A recorded voice comes over the speakers, the deep voice of a troubled old man. “Welcome,” it says. “You are entering the Fifth Circuit. Leave your hope at the door.” Doors crash shut behind them, and a cold breeze brushes their cheeks in the darkness. Anthony looks around in alarm, and draws his coat a little closer around him.

“If you listen close,” the spectral voice says, “you can hear the whisperings of the ghost of Charles Pickering.” An eerie murmur arises; a hushed, indistict, worried sound that is not quite human. “They say he has unfinished business here,” the speakers intone, and a series of bright lights and banging sounds startle the company.

The cars screech around a corner. Suddenly the air is very warm. A giant figure with bulging muscles and a costume of black leather straps holds a gargantuan battle-axe over the neck of a whimpering Mexican. Wailing faces become visible in the background, arms reaching out as if trying to grab the axe and stay its fall—the desperate faces of the International Court of Justice.

“What’s that, Mr. Medellin?” the giant booms, sarcastically. “You want to talk to your consulate?” The axe rises up, and Stephen notices that the giant has scrawled the word “consulate” on it, in what look like letters of blood. “Here you go!” The axe falls, and the Mexican’s head drops into the little basket. The faces of the ICJ wail louder.

“Did you see that?” gasps Antonin. “International law!” Antonin’s face is pale, and quickly begins to go green. Clarence throws a reassuring arm around his shoulders. “Don’t worry,” Clarence says. “There’s no such thing as international law.”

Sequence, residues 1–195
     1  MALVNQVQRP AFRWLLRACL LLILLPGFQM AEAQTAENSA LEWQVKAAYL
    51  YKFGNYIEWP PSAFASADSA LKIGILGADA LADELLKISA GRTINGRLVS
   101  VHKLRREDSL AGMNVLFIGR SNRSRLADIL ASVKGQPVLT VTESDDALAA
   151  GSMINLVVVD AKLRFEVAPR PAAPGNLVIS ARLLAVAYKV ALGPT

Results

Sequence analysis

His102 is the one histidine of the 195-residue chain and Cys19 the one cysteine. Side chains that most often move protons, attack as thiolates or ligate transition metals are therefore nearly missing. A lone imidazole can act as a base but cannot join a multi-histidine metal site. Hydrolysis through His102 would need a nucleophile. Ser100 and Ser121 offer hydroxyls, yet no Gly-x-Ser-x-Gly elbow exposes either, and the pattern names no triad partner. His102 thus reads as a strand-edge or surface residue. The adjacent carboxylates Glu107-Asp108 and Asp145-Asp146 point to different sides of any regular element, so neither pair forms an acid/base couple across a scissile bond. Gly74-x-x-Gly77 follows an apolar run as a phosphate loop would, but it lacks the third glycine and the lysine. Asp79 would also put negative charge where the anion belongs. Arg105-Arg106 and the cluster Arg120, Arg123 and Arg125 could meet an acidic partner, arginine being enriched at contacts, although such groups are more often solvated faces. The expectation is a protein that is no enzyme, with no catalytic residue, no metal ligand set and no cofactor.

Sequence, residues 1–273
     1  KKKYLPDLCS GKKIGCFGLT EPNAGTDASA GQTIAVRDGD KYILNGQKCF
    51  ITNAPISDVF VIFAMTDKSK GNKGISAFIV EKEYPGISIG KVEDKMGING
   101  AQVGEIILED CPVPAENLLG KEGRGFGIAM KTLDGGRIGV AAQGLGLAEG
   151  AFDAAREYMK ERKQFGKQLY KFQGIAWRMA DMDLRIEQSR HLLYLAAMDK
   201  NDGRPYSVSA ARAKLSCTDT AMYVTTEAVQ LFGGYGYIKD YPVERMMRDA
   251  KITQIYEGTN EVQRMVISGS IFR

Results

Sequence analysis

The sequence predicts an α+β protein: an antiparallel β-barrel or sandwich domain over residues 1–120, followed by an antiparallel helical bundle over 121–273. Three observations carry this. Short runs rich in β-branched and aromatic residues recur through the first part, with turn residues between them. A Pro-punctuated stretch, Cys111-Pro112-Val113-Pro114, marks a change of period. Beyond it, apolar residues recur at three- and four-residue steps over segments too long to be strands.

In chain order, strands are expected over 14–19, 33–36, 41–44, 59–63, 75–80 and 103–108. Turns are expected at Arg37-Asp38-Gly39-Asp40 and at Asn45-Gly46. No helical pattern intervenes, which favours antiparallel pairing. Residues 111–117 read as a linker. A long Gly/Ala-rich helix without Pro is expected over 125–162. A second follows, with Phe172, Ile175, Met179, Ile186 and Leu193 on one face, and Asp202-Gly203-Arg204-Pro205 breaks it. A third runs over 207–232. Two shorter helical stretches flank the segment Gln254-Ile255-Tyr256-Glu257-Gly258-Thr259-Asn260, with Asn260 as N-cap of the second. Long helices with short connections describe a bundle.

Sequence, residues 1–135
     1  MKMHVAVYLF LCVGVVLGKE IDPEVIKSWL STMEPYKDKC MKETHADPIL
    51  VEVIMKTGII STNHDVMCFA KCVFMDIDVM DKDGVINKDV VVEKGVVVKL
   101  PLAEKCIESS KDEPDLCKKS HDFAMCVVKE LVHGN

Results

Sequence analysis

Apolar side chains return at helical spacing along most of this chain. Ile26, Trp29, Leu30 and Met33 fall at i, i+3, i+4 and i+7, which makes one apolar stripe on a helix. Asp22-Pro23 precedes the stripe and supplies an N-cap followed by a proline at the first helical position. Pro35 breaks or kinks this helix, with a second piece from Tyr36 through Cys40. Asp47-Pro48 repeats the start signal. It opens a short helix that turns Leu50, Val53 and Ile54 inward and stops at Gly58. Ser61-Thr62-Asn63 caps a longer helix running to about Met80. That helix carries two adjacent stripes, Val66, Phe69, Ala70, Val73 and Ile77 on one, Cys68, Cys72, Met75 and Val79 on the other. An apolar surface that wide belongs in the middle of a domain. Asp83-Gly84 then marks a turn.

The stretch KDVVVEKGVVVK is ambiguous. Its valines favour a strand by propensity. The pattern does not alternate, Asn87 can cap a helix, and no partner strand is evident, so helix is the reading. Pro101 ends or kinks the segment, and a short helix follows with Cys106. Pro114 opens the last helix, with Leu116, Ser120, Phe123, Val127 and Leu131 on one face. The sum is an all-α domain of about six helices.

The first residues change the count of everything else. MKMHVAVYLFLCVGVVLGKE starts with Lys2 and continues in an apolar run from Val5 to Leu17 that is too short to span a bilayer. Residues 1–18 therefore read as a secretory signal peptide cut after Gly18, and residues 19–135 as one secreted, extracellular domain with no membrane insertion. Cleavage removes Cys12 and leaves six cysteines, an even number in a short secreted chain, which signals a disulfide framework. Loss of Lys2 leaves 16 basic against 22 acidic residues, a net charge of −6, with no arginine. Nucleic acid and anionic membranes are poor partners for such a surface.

Antonin nods quickly, as if trying to convince himself. Clarence repeats himself like a parent singing a lullaby: “There’s no such thing as international law…there’s no such thing as international law…there’s no such thing as international law…”

The cars move on, and creak past a filmy window, opening on a tranquil view of the outside. A river is visible in the distance, and Ruth thinks wistfully of the First Circuit, where the winters are harsh but mental illness is blessedly rare.

Suddenly a fist comes from nowhere and bangs on the window, and a white staring face lurches up behind it—the crazed eyes of Priscilla Owen, mouth open, bellowing “LET ME IN!” The company starts back in horror as more wide-eyed faces appear at the window, fists banging.

Sandra Day notices the word “filibuster” engraved on the window, just below a great crack beginning to snake its way across the glass. “This glass isn’t going to hold!” she shouts. “Let’s get the hell out of here!”

She jumps out of the car and runs along the little walkway next to the track. But after three steps, she stops in horror. The track and the walkway dead-end, dropping away into a horrible void.

Clarence and Antonin are at the window now, their face inches away from the glass and the horrible faces outside. Clarence turns to face them, his face strangely unperturbed by the screeching and hammering just inches from his head.

“I’m afraid no one’s going anywhere,” Clarence says, an eerie grin playing across his face. Antonin flips a big switch. There is the distant hum of electricity flickering off. Lights flicker off behind them. The group is lit now only by the moonlight filtering in past the screeching creatures at the window. “Things are going to be a little different from now on,” Clarence says. “You might as well get used to the place. And to calling me Chief.”

The glass shatters. The ghouls swarm in.